productive as they age.

Then you pump the water back in. (Well, not necessarily the same water,
which has moved on to other uses.) It's hot down there so the water flashes
into steam, picking up loose chemicals in the process. Collect the steam,
strip the gunk out of it, repeat until the water comes out clean. Then you
can turn off the heaters and the chillers and move on to the next plot
(even saving one or two of the sides of the ice wall, if you want to be
thrifty about it).

Most of the best territory for this astonishing process is on land under
the control of the Bureau of Land Management. Shell has applied for a
research and development lease on 160 acres of BLM land, which could be
approved by February. That project would be on a large enough scale so
design of a commercial facility could begin.

The 2005 energy bill altered some provisions of the 1920 Minerals Leasing
Act that were a deterrent to large-scale development, and also laid out a
30-month timetable for establishing federal regulations governing
commercial leasing.

Shell has been deliberately low-key about their R&D, wanting to avoid the
hype, and the disappointment, that surrounded the last oil-shale boom. But
O'Connor said the results have been sufficiently encouraging they are
gradually getting more open. Starting next week, they will be holding
public hearings in northwest Colorado.

I'll say it again. Wow.

      * do they prevent an enormous loss of liquid via
seepage? <>46

 From my understanding, isn't that what the ice walls are designed to
accomplish? I understand that that would create a walled structure leaving
the bottom open. I assume though that the shale and rock would maybe act as
a liner on the bottom? I'm sure the engineers thinking of this already
figured that
out. <>51

Perhaps that's it. If SOME layer of shale will or can be forced to act as
the ''bottom'' of the ''cauldron'', then the deal is sealed.

I think you're probably spot on or very close. I should have thought it
through a bit more,
evidently. <>76

Study reveals huge U.S. oil-shale field
Times By Jennifer Talhelm, AP
Thursday, September 1, 2005 - 12:00 AM

WASHINGTON The United States has an oil reserve at least three times that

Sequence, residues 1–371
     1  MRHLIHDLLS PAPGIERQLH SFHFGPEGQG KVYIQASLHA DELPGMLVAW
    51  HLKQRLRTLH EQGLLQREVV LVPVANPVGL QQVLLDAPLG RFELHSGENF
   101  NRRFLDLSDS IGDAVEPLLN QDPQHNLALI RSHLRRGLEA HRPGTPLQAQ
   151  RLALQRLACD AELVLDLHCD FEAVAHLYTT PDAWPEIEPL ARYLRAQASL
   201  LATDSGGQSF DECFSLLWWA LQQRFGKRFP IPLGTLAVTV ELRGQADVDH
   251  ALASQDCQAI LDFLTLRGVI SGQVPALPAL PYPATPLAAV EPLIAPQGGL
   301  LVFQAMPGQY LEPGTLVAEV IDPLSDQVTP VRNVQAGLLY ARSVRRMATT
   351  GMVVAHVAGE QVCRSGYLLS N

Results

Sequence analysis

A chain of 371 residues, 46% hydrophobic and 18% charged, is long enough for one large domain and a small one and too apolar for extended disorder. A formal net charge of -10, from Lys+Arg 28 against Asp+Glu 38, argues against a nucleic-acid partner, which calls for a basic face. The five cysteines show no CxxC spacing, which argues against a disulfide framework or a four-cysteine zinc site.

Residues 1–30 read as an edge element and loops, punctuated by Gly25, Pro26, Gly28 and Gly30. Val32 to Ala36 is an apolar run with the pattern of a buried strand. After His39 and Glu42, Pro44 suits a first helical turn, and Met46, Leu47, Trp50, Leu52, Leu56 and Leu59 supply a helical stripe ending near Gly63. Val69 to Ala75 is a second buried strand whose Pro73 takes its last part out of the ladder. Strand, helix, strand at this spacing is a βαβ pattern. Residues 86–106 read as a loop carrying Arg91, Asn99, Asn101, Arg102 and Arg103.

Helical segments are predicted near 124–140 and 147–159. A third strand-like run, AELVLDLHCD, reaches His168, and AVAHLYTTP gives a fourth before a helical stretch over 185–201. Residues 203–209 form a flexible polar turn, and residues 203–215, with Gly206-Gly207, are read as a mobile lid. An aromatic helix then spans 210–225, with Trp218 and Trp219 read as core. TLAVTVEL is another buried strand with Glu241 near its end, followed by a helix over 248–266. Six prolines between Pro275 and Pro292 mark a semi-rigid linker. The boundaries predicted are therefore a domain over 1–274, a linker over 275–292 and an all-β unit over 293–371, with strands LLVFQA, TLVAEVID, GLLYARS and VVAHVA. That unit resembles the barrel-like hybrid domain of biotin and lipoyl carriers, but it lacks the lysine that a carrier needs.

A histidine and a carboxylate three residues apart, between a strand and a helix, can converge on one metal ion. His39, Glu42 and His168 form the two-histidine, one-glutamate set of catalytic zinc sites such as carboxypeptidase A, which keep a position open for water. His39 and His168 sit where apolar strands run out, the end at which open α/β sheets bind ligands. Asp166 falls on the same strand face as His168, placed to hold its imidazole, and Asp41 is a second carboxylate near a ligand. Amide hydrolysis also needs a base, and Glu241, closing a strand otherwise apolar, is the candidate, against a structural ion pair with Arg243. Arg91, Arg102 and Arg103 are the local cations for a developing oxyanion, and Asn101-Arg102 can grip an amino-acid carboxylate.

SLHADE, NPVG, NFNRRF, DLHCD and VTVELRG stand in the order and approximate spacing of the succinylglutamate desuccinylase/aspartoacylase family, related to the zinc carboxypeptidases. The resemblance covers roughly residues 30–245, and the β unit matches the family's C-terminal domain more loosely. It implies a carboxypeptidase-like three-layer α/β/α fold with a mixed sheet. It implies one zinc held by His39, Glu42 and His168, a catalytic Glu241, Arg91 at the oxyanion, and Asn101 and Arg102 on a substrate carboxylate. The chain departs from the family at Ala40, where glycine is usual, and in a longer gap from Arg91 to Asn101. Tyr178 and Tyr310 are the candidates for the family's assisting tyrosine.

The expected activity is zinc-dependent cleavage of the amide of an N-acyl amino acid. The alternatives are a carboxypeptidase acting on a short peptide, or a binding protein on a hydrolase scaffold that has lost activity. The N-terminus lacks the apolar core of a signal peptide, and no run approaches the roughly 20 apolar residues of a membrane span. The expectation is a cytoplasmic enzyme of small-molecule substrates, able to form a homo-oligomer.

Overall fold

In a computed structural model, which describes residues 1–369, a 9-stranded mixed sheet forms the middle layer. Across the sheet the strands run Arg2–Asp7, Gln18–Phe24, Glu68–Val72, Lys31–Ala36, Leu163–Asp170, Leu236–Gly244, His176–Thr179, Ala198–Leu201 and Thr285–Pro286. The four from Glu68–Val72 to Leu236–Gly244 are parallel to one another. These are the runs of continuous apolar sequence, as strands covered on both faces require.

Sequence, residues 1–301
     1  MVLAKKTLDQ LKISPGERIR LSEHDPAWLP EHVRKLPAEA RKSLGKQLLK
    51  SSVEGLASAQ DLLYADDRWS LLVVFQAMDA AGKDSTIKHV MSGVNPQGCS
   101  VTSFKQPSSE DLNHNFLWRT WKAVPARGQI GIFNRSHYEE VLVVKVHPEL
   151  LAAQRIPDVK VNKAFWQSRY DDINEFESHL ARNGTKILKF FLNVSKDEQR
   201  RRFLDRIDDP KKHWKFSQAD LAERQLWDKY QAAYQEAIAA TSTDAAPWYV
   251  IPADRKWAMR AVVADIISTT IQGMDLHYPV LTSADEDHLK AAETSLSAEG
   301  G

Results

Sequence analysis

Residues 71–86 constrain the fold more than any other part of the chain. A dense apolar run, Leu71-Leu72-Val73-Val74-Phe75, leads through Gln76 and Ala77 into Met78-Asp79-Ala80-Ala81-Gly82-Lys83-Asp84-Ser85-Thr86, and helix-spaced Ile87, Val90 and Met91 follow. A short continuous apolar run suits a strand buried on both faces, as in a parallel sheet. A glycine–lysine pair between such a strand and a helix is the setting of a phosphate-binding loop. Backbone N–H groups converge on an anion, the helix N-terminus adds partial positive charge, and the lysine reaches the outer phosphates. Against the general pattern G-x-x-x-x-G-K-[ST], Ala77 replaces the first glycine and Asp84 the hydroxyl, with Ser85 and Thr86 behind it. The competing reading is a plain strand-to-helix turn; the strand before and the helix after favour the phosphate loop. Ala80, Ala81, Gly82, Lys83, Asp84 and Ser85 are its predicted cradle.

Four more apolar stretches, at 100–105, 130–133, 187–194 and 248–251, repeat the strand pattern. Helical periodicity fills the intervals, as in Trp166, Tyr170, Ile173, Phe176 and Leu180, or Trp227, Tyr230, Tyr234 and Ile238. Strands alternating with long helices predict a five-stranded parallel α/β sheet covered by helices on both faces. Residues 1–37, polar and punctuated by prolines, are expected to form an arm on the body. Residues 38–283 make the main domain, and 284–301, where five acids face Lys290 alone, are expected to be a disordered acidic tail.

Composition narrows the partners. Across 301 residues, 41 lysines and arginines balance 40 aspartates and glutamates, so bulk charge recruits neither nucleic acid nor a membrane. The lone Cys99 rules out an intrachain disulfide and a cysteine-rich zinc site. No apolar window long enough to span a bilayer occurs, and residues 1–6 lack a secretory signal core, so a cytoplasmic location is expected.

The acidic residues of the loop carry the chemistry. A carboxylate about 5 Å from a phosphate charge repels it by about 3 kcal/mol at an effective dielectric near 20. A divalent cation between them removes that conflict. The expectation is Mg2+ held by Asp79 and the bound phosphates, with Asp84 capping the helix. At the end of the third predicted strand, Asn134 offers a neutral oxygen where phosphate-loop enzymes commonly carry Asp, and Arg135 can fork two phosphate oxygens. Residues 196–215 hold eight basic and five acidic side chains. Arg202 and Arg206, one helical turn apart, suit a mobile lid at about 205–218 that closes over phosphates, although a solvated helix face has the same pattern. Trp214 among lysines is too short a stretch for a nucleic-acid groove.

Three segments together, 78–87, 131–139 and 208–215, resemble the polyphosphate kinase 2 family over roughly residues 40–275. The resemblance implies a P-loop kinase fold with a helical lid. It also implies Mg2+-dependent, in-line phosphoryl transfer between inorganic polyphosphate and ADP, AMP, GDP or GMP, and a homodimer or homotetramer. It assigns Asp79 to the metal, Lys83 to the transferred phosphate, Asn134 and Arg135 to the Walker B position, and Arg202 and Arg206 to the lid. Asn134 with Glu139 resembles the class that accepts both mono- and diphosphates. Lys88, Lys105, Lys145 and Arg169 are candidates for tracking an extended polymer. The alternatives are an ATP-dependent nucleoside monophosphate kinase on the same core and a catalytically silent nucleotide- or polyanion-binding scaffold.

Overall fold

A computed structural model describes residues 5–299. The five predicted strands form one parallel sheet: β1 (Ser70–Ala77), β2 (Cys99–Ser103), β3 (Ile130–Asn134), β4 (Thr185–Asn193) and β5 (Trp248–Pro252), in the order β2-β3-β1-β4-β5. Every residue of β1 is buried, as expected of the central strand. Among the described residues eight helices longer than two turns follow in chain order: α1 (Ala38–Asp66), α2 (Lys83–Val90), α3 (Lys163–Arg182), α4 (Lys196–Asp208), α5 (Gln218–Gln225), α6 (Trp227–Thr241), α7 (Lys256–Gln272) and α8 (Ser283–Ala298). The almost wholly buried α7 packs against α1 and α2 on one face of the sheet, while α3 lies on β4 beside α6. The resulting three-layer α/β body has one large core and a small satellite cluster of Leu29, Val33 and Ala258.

of Saudi Arabia locked in oil-shale deposits beneath federal land in
Colorado, Utah and Wyoming, according to a study released yesterday.

But the researchers at the RAND think tank caution the federal government
to go carefully, balancing the environmental and economic impacts with
development pressure to prevent an oil-shale bust later.

"We've got more oil in this very compact area than the entire Middle East,"
said James Bartis, RAND senior policy researcher and the report's lead
author. ...

For years, the industry and the government considered oil shale a rock
that produces petroleum when heated too expensive to be a feasible source
of oil. However, oil prices, which spiked above $70 a barrel this week,
combined with advances in technology could soon make it possible to tap the
estimated 500 billion to 1.1 trillion recoverable barrels, the report found.

The study, sponsored in part by the U.S. Department of Energy, comes about
a month after the president signed a new energy policy dramatically
reversing the nation's approach to oil shale and opening the door within a
few years to companies that want to tap deposits on public lands.

The report also says oil-shale mining, above-ground processing and
disposing of spent shale cause significant adverse environmental impacts.
Shell Oil is working on a process that would heat the oil shale in place,
which could have less effect on the


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~ Janice
Received on Sat Sep 3 20:49:54 2005